ZIMBABWEANS should not expect salary increases this year because the economy cannot sustain them, Reserve Bank Governor Dr John Mangudya has said.
Addressing editors from media houses across the country at his offices on Wednesday, Dr Mangudya said there was no scope in increasing salaries when there was not much productivity taking place.
“We need to balance the economy first and increase salaries later. It will be a mistake to increase salaries now because the economy cannot sustain any salary increments. People are just being paid for going to work or for activity and not productivity.
“Most companies are in a Catch-22 situation because it is more expensive to fire or retrench a person than to keep him working.
“Our work ethics have gone bad. We need a paradigm shift on our attitude towards work. There is gross indiscipline and we need to change that.
“Zimbabwe has a high literacy rate, but this is not helping us as a country. We should use our education effectively.”
The central bank chief’s comments come at a time when civil servants and most workers are pressing for a salary review, citing high costs of living.
Some people argue that Zimbabweans are lowly-paid compared to regional neighbours, something Dr Mangudya dismissed saying most civil servants in the region were paid lowly compared to what people in this country were earning.
On the economy, Dr Mangudya said Zimbabwe should invest heavily in three growth areas — tourism, mining and horticulture — to turnaround the country’s economic fortunes.
He said Zimbabwe was a giant which was now awakening and there was need to invest more money where there was competitive advantage.
“For the country to move forward, there is need for rebalancing and resizing of almost every sector of the economy.
“We need to invest heavily in growth areas like tourism, mining and horticulture. I totally agree with Minister of Tourism and Hospitality Industry, Engineer Walter Mzembi that Victoria Falls should be the tourism hub of Africa. We should be visionaries. We need to have cable cars in Victoria Falls just like in Cape Town, South Africa and Singapore.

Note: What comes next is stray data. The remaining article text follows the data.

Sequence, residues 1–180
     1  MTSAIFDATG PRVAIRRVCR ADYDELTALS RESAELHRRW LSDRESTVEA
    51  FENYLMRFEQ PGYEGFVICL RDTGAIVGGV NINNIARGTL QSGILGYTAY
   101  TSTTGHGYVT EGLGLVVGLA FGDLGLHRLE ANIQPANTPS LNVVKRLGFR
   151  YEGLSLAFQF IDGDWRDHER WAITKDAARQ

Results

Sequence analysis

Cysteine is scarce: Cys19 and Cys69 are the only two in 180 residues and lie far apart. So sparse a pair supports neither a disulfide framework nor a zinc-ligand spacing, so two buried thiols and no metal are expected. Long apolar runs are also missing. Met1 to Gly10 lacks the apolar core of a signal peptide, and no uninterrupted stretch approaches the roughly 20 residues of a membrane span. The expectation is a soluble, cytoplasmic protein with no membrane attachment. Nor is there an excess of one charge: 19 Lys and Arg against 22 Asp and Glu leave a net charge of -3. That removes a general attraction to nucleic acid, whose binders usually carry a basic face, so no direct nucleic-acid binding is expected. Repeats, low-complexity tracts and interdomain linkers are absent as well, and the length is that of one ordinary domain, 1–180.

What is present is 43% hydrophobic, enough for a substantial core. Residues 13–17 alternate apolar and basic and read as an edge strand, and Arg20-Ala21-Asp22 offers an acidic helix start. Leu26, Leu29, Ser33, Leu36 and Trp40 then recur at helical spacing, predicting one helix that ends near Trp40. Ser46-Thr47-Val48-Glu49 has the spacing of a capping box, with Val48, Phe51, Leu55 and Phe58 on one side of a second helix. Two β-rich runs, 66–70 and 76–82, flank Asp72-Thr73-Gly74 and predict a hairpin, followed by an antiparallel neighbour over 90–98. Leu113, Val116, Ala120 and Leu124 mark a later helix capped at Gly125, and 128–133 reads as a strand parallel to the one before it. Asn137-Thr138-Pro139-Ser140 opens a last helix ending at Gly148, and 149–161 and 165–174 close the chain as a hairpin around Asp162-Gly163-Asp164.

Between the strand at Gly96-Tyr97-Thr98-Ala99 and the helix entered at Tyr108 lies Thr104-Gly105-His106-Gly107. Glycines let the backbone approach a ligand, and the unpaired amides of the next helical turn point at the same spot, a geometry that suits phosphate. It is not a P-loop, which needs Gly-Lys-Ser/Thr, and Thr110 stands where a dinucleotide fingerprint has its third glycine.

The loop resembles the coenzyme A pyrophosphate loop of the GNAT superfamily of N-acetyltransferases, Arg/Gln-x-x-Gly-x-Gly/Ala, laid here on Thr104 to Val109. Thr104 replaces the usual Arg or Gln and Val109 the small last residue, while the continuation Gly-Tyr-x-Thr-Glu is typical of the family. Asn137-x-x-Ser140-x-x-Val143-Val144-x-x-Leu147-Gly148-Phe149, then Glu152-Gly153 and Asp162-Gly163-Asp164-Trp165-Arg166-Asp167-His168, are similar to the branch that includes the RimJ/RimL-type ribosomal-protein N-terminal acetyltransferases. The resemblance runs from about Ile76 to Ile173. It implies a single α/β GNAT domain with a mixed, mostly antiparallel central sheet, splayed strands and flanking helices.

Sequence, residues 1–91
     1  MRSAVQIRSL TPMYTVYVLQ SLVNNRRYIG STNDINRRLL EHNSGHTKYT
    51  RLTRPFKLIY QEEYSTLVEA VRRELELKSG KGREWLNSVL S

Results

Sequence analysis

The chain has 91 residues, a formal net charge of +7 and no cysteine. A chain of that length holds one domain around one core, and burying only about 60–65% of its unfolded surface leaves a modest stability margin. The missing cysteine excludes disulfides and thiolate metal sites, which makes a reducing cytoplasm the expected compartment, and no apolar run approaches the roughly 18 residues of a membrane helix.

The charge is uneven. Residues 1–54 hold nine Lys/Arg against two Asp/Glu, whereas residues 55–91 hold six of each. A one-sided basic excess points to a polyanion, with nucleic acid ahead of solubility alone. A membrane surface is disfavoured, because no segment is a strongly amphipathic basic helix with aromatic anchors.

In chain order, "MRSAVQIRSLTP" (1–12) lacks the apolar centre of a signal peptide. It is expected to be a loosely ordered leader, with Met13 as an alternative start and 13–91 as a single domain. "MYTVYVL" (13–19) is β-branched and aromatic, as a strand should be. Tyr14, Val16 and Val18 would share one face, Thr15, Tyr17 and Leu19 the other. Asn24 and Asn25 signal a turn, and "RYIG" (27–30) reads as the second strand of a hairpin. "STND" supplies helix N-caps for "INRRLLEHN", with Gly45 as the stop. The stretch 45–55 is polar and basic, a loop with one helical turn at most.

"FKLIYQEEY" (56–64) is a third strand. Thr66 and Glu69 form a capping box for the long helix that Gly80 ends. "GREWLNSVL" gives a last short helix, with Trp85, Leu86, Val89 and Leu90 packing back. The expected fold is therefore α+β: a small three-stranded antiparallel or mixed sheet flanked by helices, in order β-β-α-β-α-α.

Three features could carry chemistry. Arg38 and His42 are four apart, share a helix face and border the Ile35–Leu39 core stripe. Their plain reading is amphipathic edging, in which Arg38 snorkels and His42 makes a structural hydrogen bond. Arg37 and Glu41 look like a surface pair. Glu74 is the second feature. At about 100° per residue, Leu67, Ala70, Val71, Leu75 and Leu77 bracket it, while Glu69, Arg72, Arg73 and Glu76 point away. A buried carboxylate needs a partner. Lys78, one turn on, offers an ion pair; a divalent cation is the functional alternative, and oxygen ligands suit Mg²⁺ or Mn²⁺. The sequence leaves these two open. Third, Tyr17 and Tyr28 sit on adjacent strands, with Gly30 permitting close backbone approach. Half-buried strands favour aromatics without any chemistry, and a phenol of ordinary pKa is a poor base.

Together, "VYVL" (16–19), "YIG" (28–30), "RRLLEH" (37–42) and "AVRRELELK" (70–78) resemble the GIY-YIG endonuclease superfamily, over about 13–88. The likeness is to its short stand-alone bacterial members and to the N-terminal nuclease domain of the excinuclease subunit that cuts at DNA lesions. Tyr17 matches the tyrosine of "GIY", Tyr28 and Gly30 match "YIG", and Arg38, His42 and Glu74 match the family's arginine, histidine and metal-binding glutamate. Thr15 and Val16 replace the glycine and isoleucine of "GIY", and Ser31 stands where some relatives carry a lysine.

“We need to improve on our exports, especially in mining. We cannot continue exporting unprocessed minerals like what is happening to diamonds. Zimbabweans should benefit from the country’s rich resources. We can do it as a nation than to fold our hands and cry for Direct Foreign Investment. If the investors come, they will simply take our resources and leave us with nothing. Some of the investors do not bank locally and we will continue suffering yet they will be developing their own economies and countries,” he said.
Dr Mangudya attributed some of the challenges the country was facing to lack of competitiveness.
“We have dollarised the economy and this is affecting our competitiveness. The American dollar is appreciating against major currencies and this will make our economy a very expensive one. We are attracting more imports than exports because it is proving to be cheaper to import. We are not producing and we cannot be expected to be competitive,” said Dr Mangudya.
He said mark-ups in business were too high and this would in turn affect the pricing of most goods and basic necessities such as water and electricity.
“Most businesses were used to the hyper-inflation era and their mark-ups are very high. We need to change the pricing structures otherwise we will continue importing.
“There is lack of confidence in everything that we do. This also affects business confidence. Lack of confidence breeds poor perceptions. We have wrong perceptions, which lead to high country risks. Line of credits will become very expensive because very few investors will want to put their money where there are high risks,” he said.
Dr Mangudya urged Zimbabweans to embrace bond coins, saying he was happy with the uptake so far.
“Bond coins are not equivalent to rands. They are stronger because they are pegged against the US dollar. It is surprising that people who wanted to be assisted in getting value for their money are resisting the bond coins. Consumers are being abused when it comes to the issue of change. In actual fact we have realised that some shop owners are resisting the bond coins because they were benefitting from forced sales. Businesses want super profits,” he said.
Dr Mangudya said some companies are closing because of poor governance.
“Company closures should not be blamed on the state of the economy alone. Poor governance is one of the major contributing factors. Gone are the days of business as usual approach,” he said.